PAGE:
On my own visit I walked up to a recently excavated grain mill, knelt down in front of a heavy millstone and, pouring some grain on the "working table", tried to imagine the ancient woman who toiled over this primitive instrument. Lifting my eyes, I was barely able to suppress a cry of surprise: a woman stood nearby and smiled at me, as if across the ages, both intriguing and beguiling. She wore a wonderful linen dress girded by a whipcord belt with terracotta decorations, which exactly matched those of the long-dead Trypilian I was pondering. She and the others around her laughed at me in enjoyment at the effect their beautiful and ancient garb had produced on me. I have to thank Zinaida Vasina, a stagecraft and costume designer from the National Opera House and a famous Ukrainian restorer of ancient clothes, for this amazing reproduction of a millennia-old culture. While I sat there dumfounded she was beaming at me with joy from a few feet away.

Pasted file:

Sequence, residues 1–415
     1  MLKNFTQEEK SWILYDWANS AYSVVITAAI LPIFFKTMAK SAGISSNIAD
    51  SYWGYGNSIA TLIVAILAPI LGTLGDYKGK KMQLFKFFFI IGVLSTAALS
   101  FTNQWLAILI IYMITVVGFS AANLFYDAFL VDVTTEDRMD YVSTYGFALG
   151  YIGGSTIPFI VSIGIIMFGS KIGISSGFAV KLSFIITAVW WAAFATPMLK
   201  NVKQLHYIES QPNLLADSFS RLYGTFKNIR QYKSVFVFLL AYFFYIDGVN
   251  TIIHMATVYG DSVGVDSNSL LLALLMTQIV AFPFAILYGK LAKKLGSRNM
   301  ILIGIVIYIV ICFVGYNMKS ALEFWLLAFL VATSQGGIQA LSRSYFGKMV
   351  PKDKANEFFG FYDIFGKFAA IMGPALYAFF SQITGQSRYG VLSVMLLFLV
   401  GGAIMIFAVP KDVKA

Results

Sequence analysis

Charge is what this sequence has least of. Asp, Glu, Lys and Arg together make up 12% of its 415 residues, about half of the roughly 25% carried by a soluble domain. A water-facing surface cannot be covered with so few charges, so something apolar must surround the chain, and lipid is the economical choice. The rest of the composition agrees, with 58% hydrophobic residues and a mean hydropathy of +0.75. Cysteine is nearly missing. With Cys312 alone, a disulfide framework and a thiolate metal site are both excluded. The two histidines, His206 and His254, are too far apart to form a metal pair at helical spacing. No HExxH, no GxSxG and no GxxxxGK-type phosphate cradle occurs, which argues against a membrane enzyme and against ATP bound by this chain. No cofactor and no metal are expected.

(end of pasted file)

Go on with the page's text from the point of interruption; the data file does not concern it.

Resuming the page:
There is a primitive oven near the grain mill which burns today as it did 7,000 years ago. The inhabitants of Oriana used such ovens for baking clay pots and figurines. Here those clay implements lie on the grass, raw and therefore white, and look very pretty against the background of green. The figurines of the Mother-Goddess are particularly eye-catching with their splendid and pure forms covered with magic tattoos. Such statuettes are found in every Trypilian house discovered, because at that time each house was a small temple to the cult of the Mother-Goddess. Lyudmila Smolyakova, who lives in Kyiv and specializes in restoring ancient ceramics, gives these pots and figurines a second life. Along with small statuettes identical to those found at excavation sites, Lyudmila has mastered the modeling of larger objects: she has made sculptures of goddesses to the size of human beings, and those statues now stand in the Trypilian public garden in Rzhyshchev. Her dream is to "populate" Kyiv parks with such sculptures.